Examining the Potential Relocation of al Qaeda Leadership

April 6, 2011

Opponents of the war in Afghanistan claim that denying al Qaeda a safe haven in Afghanistan and Pakistan would have minimal effect in the war against terror because the al Qaeda leadership could easily relocate and establish its base of operations elsewhere. In reality, al Qaeda’s required environmental conditions preclude a majority of territories. The territory where the al Qaeda leadership can re-establish itself is, in fact, finite.[1] The existence of an al Qaeda franchise or affiliated movement is one of the prerequisites for a potential destination for the leadership because of trust established between individuals over time. Two likely locations are apparent: Yemen and Somalia.

Al Qaeda in the Arabian Peninsula (AQAP) is an al Qaeda franchise that currently bases its operations out of southern and eastern Yemen. The terrain there is similar to the difficult terrain found along the Afghanistan-Pakistan border and provides some protection from counterterrorism operations. Arabic is the local language, which will facilitate assimilation and movement in the country for the al Qaeda leadership. And, in ideological terms, the Arabian Peninsula is significant because of the presence of Muslim holy sites.

Yemen may prove to be advantageous to the al Qaeda leadership because of the current conditions in the country and long-established relationships with AQAP’s leaders. A myriad of socioeconomic challenges and two internal security threats have hobbled the capacity of the Yemeni government, which has little authority outside of the capital. The regime relies on support from a large patronage network, which has given leverage to al Qaeda sympathizers within the government.[2] Further, the central government has not pressured tribes to give up the protection of local AQAP militants for fear of a backlash. The Yemeni government’s security resources go towards fighting the al Houthi rebellion in the north and the secessionist movement in the south. To date, al Qaeda operatives in Yemen have not faced sustained counterterrorism operations and have relative freedom of movement in their areas of operations.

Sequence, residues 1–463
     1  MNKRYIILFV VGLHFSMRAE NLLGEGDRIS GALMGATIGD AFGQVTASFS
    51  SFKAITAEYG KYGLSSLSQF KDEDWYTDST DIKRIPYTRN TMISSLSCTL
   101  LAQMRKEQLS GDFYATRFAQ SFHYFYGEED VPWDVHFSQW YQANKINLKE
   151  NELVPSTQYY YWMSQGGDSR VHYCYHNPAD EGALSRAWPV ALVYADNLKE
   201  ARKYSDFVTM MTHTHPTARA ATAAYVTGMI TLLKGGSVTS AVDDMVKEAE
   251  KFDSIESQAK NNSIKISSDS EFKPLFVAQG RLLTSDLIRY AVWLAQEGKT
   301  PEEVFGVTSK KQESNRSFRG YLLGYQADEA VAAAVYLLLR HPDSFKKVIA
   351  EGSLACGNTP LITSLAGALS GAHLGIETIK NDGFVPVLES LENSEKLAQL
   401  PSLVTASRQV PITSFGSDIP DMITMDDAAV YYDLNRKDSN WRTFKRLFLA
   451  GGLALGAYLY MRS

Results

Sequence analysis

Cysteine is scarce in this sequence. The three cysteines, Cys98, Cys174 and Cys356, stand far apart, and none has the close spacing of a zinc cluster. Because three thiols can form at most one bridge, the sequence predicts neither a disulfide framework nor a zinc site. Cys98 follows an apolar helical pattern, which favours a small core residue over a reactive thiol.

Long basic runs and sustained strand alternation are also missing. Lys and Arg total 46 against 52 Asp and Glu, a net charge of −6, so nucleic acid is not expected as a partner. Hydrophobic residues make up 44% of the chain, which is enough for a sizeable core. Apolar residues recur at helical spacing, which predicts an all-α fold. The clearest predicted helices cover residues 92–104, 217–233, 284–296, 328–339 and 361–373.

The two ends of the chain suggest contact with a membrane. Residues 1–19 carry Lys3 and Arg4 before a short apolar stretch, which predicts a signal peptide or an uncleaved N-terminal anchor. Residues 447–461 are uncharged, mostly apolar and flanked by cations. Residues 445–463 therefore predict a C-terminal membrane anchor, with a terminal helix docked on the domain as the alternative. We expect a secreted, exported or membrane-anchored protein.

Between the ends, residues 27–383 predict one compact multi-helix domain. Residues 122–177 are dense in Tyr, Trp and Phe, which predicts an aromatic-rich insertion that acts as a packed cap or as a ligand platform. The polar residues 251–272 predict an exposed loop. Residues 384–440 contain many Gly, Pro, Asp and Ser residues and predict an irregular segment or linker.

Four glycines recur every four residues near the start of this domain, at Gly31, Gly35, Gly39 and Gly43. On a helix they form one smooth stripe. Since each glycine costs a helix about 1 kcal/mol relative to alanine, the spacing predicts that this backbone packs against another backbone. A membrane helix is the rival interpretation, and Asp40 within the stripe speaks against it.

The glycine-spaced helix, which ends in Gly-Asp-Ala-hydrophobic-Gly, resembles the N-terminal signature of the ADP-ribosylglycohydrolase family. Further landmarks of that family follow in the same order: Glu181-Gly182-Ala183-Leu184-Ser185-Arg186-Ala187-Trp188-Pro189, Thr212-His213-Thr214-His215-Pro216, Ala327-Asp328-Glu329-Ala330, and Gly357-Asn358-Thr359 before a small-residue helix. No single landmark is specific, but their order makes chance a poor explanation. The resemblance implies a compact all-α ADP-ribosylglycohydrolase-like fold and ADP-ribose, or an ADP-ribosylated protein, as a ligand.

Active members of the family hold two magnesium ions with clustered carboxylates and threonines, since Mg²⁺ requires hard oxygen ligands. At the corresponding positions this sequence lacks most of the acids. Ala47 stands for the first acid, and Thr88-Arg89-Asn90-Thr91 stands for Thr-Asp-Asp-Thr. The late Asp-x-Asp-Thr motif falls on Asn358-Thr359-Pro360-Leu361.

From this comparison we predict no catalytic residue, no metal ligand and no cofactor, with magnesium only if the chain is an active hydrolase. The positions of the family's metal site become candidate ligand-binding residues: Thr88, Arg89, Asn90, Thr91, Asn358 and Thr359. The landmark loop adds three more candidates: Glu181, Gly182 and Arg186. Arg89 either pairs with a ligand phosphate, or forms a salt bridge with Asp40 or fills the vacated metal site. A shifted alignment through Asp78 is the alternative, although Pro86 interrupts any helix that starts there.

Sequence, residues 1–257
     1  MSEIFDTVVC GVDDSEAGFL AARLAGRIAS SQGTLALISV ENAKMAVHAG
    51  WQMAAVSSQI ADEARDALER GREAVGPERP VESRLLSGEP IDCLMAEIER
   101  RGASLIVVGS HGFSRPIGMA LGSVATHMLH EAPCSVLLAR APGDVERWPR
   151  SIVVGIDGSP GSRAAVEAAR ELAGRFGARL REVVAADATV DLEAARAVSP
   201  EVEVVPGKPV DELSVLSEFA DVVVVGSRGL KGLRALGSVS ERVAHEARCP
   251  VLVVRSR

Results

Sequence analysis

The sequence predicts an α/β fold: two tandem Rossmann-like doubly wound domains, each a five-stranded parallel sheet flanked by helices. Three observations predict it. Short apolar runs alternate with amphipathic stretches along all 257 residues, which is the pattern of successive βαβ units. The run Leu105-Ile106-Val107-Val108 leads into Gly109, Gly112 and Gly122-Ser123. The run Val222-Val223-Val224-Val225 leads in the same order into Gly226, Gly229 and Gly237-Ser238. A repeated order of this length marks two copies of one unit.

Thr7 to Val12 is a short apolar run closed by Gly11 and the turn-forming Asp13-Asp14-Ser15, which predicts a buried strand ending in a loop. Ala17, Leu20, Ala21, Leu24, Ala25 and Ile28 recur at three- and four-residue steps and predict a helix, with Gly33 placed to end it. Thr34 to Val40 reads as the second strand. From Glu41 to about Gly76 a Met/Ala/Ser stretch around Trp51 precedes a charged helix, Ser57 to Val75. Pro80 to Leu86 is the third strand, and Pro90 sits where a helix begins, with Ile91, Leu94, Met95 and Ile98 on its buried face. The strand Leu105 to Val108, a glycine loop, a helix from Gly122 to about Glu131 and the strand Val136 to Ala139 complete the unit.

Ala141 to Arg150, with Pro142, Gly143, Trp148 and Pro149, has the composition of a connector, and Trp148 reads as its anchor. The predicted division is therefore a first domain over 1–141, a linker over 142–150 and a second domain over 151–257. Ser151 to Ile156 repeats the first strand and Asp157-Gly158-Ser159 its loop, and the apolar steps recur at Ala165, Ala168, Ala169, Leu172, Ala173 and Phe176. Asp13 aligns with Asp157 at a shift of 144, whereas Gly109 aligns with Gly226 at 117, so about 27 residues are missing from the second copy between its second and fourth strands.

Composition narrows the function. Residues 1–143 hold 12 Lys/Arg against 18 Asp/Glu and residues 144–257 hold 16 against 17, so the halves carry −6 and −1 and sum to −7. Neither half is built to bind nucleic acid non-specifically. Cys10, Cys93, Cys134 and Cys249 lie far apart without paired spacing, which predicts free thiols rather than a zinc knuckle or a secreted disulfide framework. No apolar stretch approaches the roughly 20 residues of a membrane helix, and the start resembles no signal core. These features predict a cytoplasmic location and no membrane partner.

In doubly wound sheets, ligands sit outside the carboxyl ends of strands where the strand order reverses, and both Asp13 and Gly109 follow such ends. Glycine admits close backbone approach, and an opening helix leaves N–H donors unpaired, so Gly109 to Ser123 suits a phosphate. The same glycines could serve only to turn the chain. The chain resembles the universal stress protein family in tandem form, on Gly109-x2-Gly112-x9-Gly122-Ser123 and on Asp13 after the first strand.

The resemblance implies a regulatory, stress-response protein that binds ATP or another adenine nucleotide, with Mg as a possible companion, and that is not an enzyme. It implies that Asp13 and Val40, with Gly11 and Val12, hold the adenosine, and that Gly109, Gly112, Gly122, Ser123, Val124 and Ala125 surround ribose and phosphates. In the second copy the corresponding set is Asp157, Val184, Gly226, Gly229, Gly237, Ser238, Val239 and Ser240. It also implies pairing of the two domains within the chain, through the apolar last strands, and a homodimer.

Widespread anti-government protests in Yemen will further detract attention from AQAP. Yemen’s government does not perceive AQAP as a current existential threat to the regime, a calculation that has arguably increased the operating space of the group. The regime has directed its limited resources to putting down the protests, which could make Yemen’s already-porous border easier to infiltrate and further strains the operations of security forces in AQAP’s safe havens in Yemen. The group also has the opportunity to exploit internal conflict in order to strengthen its foothold to further its own goals in Yemen, similar to what al Qaeda and the Sadrist Movement did in Iraq.

Established personal relationships between al Qaeda senior leaders and AQAP’s leadership offer additional advantages. For example, Nasser al Wahayshi, AQAP’s leader, served as a personal assistant to the leader of al Qaeda, Osama bin Laden. Much of AQAP’s leadership has also trained or fought in the Afghanistan-Pakistan region. Further, Guantanamo detainees who returned to AQAP may have developed relationships with other detainees who returned to operate under the al Qaeda leadership. The level of trust shared between the two groups would reassure the al Qaeda leadership of its safety in Yemen. Finally, there is a history of integration or acceptance of like-minded leadership in Yemen. AQAP formed when the Saudi and Yemeni branches of al Qaeda merged and both leaderships were incorporated into the new organization’s structure.[3] This development may indicate a willingness within AQAP to become subservient to the al Qaeda leadership or, at the very least, a willingness to accept and respect the leadership’s presence in Yemen.